LONG BEACH, Wash. — Those who are homeless in Pacific County may have access to public shelter for the first time. However, many people on the Long Beach Peninsula have said they’re unsure if the community is prepared to take on the responsibility.
Peninsula Poverty Response announced they have been preparing with the county to host people without a place to live. The program, Overnight Winter Lodging, would rotate between host churches until spring, Chairwoman Adrienne Strehlow said.
But the program is struggling to find hosts in time for their January start goal.
“To a lot of people it sounds scary, especially when they don’t know who they’d be hosting,” Strehlow said. “We have the resources lined up, we just need the buildings.”
Two churches have agreed to host the shelter two nights a week. Strehlow said if others don’t join, she’s worried the program won’t get off the ground.
The county has historically responded to homelessness by helping people leave town, Strehlow said. People are driven to shelters in Oregon, directed to Longview, or temporarily put up in a hotel.
“But for some people, their lives are here,” Strehlow said. “People shouldn’t have to leave their homes to survive.”
State numbers show fewer people are living without housing, while Long Beach police officers have seen more reports related to homelessness.
More than 560,000 people lived on the streets or in shelters in the U.S. this year, according to figures released by the Department of Housing and Urban Development last week. That’s a drop of 2 percent.
Washington’s 2015 Point in Time report stated there are 149 people in Pacific County without a place to live, down from last year’s 207.
However, Long Beach police documents show that more than 50 percent of all reports of homeless people trespassing on private property occurred in the last two years. From 1999 to 2013, reports averaged less than two a year. In 2014, there were10. There have been 19 this year, as of November.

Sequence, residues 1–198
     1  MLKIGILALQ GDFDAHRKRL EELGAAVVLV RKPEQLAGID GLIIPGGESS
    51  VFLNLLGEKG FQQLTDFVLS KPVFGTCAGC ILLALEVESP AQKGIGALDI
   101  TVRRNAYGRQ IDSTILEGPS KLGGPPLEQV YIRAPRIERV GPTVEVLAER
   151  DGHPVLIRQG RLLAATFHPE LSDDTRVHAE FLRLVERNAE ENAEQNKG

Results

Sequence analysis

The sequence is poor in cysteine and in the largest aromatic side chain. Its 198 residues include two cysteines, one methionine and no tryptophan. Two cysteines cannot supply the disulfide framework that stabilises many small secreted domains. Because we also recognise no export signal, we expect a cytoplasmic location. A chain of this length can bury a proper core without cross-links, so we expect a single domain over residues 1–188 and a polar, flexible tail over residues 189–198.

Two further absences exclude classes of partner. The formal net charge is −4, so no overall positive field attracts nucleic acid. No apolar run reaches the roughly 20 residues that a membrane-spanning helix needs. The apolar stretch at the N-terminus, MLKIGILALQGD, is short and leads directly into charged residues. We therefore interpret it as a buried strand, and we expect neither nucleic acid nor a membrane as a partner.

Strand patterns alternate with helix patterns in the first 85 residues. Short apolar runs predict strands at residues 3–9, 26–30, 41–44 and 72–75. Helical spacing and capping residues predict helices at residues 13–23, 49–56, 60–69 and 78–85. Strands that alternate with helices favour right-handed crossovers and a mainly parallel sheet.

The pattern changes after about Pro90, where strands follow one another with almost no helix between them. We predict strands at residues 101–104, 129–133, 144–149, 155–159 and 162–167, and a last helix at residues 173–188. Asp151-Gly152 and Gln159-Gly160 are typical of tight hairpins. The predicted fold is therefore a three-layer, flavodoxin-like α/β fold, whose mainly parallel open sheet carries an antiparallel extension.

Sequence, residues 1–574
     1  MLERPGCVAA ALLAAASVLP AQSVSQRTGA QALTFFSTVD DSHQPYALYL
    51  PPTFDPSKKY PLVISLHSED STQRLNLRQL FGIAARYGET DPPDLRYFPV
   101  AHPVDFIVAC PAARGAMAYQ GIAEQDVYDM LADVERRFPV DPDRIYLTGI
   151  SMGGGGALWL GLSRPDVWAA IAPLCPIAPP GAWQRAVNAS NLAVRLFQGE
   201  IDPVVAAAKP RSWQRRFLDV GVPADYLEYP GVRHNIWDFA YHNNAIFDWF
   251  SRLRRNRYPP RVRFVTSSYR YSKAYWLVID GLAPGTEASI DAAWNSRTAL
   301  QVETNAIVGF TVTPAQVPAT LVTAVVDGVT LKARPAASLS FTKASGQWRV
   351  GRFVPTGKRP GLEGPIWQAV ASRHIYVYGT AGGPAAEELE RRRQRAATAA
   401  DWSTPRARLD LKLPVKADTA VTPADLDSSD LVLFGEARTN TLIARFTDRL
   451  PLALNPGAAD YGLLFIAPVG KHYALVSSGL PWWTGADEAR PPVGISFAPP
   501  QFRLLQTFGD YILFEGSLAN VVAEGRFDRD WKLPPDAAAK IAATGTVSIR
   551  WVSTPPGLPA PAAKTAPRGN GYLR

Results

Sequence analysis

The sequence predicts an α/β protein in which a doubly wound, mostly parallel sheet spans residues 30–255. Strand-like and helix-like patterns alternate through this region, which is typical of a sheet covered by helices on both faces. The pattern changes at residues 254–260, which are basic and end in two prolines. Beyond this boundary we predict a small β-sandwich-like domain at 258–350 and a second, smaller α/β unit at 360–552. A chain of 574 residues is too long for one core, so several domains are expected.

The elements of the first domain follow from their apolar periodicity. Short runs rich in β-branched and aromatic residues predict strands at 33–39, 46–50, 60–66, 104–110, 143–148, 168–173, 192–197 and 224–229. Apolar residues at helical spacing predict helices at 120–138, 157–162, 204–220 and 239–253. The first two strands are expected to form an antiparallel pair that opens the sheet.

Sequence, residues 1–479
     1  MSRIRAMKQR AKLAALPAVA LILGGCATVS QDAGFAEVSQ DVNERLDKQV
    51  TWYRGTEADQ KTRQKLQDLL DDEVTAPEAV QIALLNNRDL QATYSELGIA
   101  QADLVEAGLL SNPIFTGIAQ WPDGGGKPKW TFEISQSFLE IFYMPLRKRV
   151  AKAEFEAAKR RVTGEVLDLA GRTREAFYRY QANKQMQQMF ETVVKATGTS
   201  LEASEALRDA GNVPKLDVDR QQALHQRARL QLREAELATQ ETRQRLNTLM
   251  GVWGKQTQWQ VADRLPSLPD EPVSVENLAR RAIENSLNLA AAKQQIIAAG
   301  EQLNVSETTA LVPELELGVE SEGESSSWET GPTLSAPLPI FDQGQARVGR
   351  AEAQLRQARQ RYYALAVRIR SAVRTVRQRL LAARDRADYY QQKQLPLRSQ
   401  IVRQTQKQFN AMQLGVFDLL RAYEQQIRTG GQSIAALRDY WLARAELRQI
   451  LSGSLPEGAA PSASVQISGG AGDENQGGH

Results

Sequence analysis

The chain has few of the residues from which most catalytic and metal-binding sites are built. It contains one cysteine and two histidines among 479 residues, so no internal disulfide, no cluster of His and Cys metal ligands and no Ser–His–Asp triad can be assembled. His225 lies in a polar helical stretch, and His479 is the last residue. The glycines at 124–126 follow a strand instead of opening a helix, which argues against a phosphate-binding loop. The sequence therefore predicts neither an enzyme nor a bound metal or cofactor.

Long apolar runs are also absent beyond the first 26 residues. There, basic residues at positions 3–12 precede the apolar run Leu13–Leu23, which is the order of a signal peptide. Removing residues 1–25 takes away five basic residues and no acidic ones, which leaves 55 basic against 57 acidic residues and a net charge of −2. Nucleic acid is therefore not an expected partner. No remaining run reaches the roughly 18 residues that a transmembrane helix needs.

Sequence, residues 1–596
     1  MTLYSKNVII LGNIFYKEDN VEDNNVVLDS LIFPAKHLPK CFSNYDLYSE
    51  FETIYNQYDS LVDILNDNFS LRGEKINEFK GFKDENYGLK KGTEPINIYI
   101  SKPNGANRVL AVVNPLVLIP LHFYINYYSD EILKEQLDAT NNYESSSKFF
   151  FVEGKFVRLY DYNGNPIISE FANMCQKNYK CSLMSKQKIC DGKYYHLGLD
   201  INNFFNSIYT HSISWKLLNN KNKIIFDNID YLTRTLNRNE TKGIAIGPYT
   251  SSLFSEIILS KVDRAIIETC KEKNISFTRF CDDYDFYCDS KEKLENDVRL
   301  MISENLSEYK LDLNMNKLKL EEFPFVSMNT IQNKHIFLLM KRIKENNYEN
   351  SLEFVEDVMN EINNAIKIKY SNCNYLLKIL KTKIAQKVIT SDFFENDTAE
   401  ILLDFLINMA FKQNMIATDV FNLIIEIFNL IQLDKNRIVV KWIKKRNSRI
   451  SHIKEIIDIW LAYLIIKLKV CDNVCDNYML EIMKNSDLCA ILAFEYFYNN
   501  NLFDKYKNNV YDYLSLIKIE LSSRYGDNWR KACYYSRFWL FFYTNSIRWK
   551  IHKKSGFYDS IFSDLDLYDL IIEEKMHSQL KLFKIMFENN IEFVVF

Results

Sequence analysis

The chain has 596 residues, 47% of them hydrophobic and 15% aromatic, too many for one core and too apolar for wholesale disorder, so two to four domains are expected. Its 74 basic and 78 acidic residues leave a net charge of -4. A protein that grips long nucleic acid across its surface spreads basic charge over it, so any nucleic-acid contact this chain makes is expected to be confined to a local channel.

Over the summer, rumors spread that another county was delivering transient communities to the peninsula. However, Wright said he never found any proof or reason to believe that’s true.
“I don’t know what’s changed,” Wright said. “Our area just doesn’t make sense as a place to stay if you’re homeless.”
Miles separate public restrooms, some of which are often locked. There are no public showers on the Peninsula and there has never been a shelter.
There are, however, eight food banks throughout the year in Pacific County. Nonprofits host consistent clothing drives and housing organizations support people struggling to pay rent.
The community is caring, but that doesn’t change the fact there’s no place for people to find shelter, Long Beach Police Chief Flint Wright said.
Peninsula Poverty Response Vice-Chairman Dick Wallace said it is hard to see the issue of homelessness through numbers.
“I don’t know if the county’s population of homeless is growing, or if people are just getting better at recognizing it,” he said.
Homelessness includes people living in their cars, in structures without basic amenities like water or crashing on friends’ couches. Part of the benefit of a shelter is getting those unknown numbers in the door and connected to county resources, Wallace said.
Strehlow, who is also pastor of Ocean Park Lutheran Church, said Overnight Winter Lodging formed a task force to develop shelter rules and safety policy.
“We’re not just a bunch of philanthropists who want to be walked all over,” she said. “We’re asking for this to be a partnership between the county, churches, volunteers and the people getting help.”
The task force received a grant from the county to afford guest background checks, facility liability insurance and to hire a shelter coordinator. Peninsula Poverty Response raised $6,000 for initial shelter supplies.
The group met with the county sheriff and Long Beach Police to make sure they have safety measures in place.
Chief Wright said Peninsula Poverty Response needs to train volunteers to call the police if they feel uncomfortable. He said service-minded people often wait too long to call for help when issues begin.
“Part of me says I don’t want them to do it, because the nature of what they’re dealing with could be dangerous,” he said. “But, they haven’t gone into this naive and I know there needs to be some solution for people in need. Maybe this program needs to be tried.”
He said if it doesn’t work, the community can stop.
Strehlow said many community members have said they’re worried a shelter may draw more homeless people to the peninsula.
“People sleeping next to each other on church floors won’t make it ‘fun’ to be homeless on the beach in the winter,” Strehlow said. “It will make it more tolerable for those who are already here.”